Supporters of Russian opposition leader Aleksei Navalny staged nationwide protests on Saturday to coincide with Russian President Vladimir Putin’s 65th birthday, with police making scores of arrests.
Rallies and pickets were held in dozens of Russian cities, including Moscow, Vladivostok, Khabarovsk, Ulan-Ude, Chita and Stavropol, with protesters demanding that Navalny be allowed to participate in the country’s March 2018 presidential election.
The Moscow-based OVD-Info, a group that monitors politically motivated arrests, said there had been at least 271 people arrested at protests in 26 cities as of 9 p.m.
No harsh crackdown
There was no harsh crackdown by police as seen in past rallies organized by Navalny. In March, police arrested more than 1,000 demonstrators in Moscow alone during nationwide protests.
Most of the arrests on October 7 came in Putin’s hometown of St. Petersburg. Over 1,000 people gathered at Marsovo Polye (the Field of Mars) in the city center and then marched across the city, chanting “Russia without Putin!” and “Putin, retire!”
OVD-Info said at least 62 people were detained in St. Petersburg, coming after some opposition protesters tried to break through police lines in the city’s main street.
WATCH: Supporters of jailed opposition leader Navalny protest
A large police presence had assembled throughout the city center before the rally.
Earlier in St. Petersburg, Navalny’s campaign coordinator, Mikhail Sosin, and the campaign’s lawyer, Denis Mikhailov, were detained. His campaign coordinators in Perm, Tver and Stavropol were also detained, as well as numerous campaign activists across the country.
Supporters were demanding that Navalny be allowed to participate in the country’s March 2018 presidential election.
In Moscow, several hundred people gathered at central Pushkin Square, where protesters had planned to march to the Kremlin but were blocked by police, prompting them to turn back.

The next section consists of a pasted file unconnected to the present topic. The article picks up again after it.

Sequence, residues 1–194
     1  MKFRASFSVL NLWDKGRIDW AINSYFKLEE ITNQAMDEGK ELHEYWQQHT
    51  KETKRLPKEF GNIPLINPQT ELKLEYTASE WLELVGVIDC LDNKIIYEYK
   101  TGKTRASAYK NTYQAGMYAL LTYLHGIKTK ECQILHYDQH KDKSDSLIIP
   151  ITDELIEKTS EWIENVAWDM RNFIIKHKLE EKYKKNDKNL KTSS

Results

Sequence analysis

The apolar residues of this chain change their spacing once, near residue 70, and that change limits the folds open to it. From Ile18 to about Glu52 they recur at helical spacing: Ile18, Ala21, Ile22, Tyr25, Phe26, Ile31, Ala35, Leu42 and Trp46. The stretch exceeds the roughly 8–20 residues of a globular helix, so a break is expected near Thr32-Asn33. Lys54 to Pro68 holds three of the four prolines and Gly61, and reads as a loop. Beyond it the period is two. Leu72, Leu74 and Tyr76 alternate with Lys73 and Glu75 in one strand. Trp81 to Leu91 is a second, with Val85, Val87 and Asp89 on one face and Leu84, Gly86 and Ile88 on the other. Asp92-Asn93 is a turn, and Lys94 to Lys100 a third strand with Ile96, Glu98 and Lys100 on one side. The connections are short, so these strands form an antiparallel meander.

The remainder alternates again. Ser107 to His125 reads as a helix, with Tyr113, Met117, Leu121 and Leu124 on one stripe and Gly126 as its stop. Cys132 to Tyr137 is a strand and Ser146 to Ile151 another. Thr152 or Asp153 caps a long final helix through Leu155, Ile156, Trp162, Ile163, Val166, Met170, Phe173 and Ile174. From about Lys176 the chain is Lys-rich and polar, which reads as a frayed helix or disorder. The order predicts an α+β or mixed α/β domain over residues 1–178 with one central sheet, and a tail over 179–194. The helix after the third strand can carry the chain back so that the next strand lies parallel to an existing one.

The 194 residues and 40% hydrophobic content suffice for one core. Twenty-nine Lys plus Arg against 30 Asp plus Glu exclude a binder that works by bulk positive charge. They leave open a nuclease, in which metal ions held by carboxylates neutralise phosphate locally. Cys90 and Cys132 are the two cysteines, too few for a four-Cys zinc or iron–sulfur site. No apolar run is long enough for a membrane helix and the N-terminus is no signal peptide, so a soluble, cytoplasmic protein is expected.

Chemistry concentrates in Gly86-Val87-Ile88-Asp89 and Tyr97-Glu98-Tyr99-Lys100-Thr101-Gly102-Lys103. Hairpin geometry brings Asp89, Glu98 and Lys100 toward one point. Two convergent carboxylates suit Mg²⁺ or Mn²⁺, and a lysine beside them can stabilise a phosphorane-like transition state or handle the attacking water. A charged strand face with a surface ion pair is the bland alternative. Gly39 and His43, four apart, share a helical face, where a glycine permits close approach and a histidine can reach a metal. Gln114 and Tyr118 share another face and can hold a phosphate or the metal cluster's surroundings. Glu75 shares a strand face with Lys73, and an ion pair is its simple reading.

The protesters included teenagers holding rubber ducks, a symbol of opposition to the government, after reports that Russian Prime Minister Dmitry Medvedev had a special house for a duck in one of his properties.
Protesters at Pushkin Square chanted “Putin is a thief!” “Happy Birthday!” “We are the authorities!” “Russia without Putin!” and “Free Aleksei Navalny!”
Heavy rains had hit Moscow, and many demonstrators were drenched.
Police in Moscow had asked people over loudspeakers to disperse. There were at least 10 police vehicles in the square, although law enforcement officers were unprecedentedly restrained.
Anton, 20, was holding a “happy birthday” balloon and a wrapped gift box with “pension” written on it. He said he wanted the entire Russian leadership to retire.
“I think you can change the country through street [protests], but if not, at least it’s good fun.”
Nikita Grigoryev, 16, a Moscow schoolboy holding a rubber duck, told RFE/RL: “I’m here to demand the authorities let Aleksei Navalny campaign [for president].”
“I doubt [this protest] will make any difference, but we have to show there are many people unhappy with what’s going on in the country,” he added.
‘We need freedom’
Lyudmila Gurova, 57, a pensioner, told RFE/RL: “We need freedom: freedom of assembly, freedom of identity, freedom to express our views about the country. This is a fascist country, I believe fascism has taken hold. For the last 26 years I have lived in social hell.”
The protests came a day after a Moscow court rejected Navalny’s appeal against a 20-day jail term he was handed after being found in violation of the law for publicly calling for unsanctioned rallies.